Search billions of records on

Rochester, Monroe, NY
Democrat & Chronicle
July 4, 1906


BULLOCK - In this city, Tuesday morning, July 3, 1906 at the home of his daughter, Mrs. William ALLEN, No. 461 Park avenue, Robert R. BULLOCK, aged 70 years. Deceased is survived by his wife, Fannie E. BULLOCK; one son and one daughter, Burton BULLOCK and Mrs. William ALLEN, of this city.
-Funeral services Thursday afternoon at 3 o'clock. Interment at East Brighton cemetery.

ARMSTRONG - Tuesday, July 3, 1906, at her residence, No. 356 Oxford street, Madeline E., daughter of the late Joseph and Eliza HALL, of New York city.

VOSS - At his late residence, No. 48 Second street, Tuesday, July 3, 1906, Christian Otto VOSS, aged 77 years, 11 months. He leaves besides his widow, eight children, Charles, Henry, John, Mrs. E. ZONNEVYLLE, Mrs. E. B. GUERNACY, Mrs. E. L. SCHLOTTMAN, Sophia and Sarah VOSS, all of this city; he also leaves a sister, Mrs. D. WARNER, of Seattle, Wash.
-Notice of funeral hereafter.

Marriage Ceremony in City Hall Office of the Health Bureau

Just before the Fourth everybody relaxes except the employees in the health Bureau office. They have things to do. Yesterday afternoon Registrar of Vital Statistics HITCHCOCK peered above his ponderous tomes at a comely young woman who asked if that was the place where people were married. In a few moments a civil marriage had been performed by Mr. HITCHCOCK in due form under legal authority.

Philip BROWN and Miss Carmela SERPICA were the groom and bride. The best man was Captain C. A. SIMMONS, chief clerk of the Department of Public Safety and military instructor of the police department.

The bridesmaid was Miss Florence VOGEL, of the Department of Public Safety, who wore a gown which matched the sky blue necktie of the groom. The bride was attired in a green dress, with gold belt, white waist and a Neapolitan hat. Not much attention was paid to the groom.

The groom previous to the ceremony deposited a fat fee on the table in the office, but Registrar HITCHCOCK will never see it. It was converted into a wedding feast of ice cream, wafers and Turkish cigarettes. The bride and groom took things as a matter of course, but were manifestly impressed with the hospitality of the City Hall people.

After the ceremony Registrar HITCHCOCK announced that the merry month of June had broken the record for weddings. According to his estimates, there were 375 weddings performed in June, and all the ????? are not in yet.

In police court yesterday the prosecution was unable to connect Eugene PETREOSEMOLO with the disappearance of $30 that had been concealed in Frank CLEMENTI's truck, and the Italian was discharged. The theft occurred about a month ago. CLEMENTI roomed in State street. One Sunday while he was absent the trunk was broken into and the money taken.

Coroner KLEINDIENST yesterday issued a certificate of death from natural causes in the case of Luke ARMSTRONG, who was found dead in a cell at police headquarters on Sunday night. It was shown at the inquest that the man was ill as well as intoxicated when arrested. He had chronic kidney ailment although he did not tell the police physician of this. The physician did not think at the time ARMSTRONG was arrested that he was ill enough to go to a hospital.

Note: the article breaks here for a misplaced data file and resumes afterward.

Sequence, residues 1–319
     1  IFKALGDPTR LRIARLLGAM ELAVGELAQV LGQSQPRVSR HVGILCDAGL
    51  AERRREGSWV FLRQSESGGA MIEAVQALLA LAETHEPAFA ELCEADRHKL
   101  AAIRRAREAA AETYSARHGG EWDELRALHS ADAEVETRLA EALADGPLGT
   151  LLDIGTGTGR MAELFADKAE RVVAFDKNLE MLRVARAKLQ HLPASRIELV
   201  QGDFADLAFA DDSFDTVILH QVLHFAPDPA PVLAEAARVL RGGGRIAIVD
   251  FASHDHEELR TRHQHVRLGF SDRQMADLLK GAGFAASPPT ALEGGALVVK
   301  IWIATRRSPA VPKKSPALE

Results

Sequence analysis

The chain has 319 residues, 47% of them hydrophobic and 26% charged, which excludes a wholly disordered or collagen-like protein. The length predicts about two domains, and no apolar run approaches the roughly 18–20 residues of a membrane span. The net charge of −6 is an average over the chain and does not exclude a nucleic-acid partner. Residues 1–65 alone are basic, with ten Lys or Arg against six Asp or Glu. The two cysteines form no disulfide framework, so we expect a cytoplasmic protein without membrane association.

A musical was given on Saturday night at the home of Mr. and Mrs. Paul ELLIOTT in honor of the birthday anniversary of Mrs. ELLIOTT. Miss Elizabeth ELLIOTT will soon sail for Italy, where she will continue her musical studies. Her teacher, Miss N. P. WILDER, arranged a programme for the evening, in which Mrs. CLARK, Miss McCLANDESH, Mrs. H. Carrie MOULTON and Will GERSTNER participated. Refreshments were served.

A reception for Miss Thelma BROWN was given at the home of Miss Etta GUTTENBERG, No. 82 Nassau street, on Sunday night. There were violin solos by Louis MOSCOV and Matthew ALDERS, a piano solo by Miss Thelma BROWN and a duet by the Misses Sadie and Etta GUTTENBERG. Out-of-town guest were Roy SILVERS and Ben LEVY, of New York, and George MOSCOV, Louis MOSCOV and Adelle KAPLAN, of Elmira.

A burglar entered the home of Mrs. Catherine BLAM, of No. 37 Miller street, on Monday afternoon. The screen door had been left unlocked and the man entered without trouble. From a bureau he took $55 in bills and gold. He left as easily as he entered, and so far the police have been unable to obtain any trace of the man.

Ward K. ANGEVINE, Jr., aged 10 years, fell over a box at his home in Garson avenue yesterday afternoon and suffered severe injury. Dr. Nathan W. NOBLE found that the child had received a compound comminuted fracture of the right forearm.

The case of Isaac J. DEPUY, as committee of Melissa J. DEPUY, his mother, adjudged insane, against Hattie Burge MYERS, of Geneseo, to set aside a deed executed by Mrs. DEPUY, occupied the entire day in Equity Term of Supreme Court yesterday. Judge J. W. DUNWELL presided. Several witnesses were heard. The case will probably last the remainder of the week.

The cases of Cecile RINGE and "Bill" WILSON, the former indicted for forgery and the latter for keeping a disorderly house, are scheduled for trial to-morrow in County Court, and the District-Attorney's office has made preparations for the prosecution. Both "patients," are apparently somewhat improved, but it is intimated that Mrs. RINGE is still too ill to permit of trial.

Lockport, July 3 - Word comes from Hartland that the little five-year-old son of Frank HAWLEY, residing on the Town Line road, 1 ½ miles south of Barker, narrowly escaped death by hanging by playmates.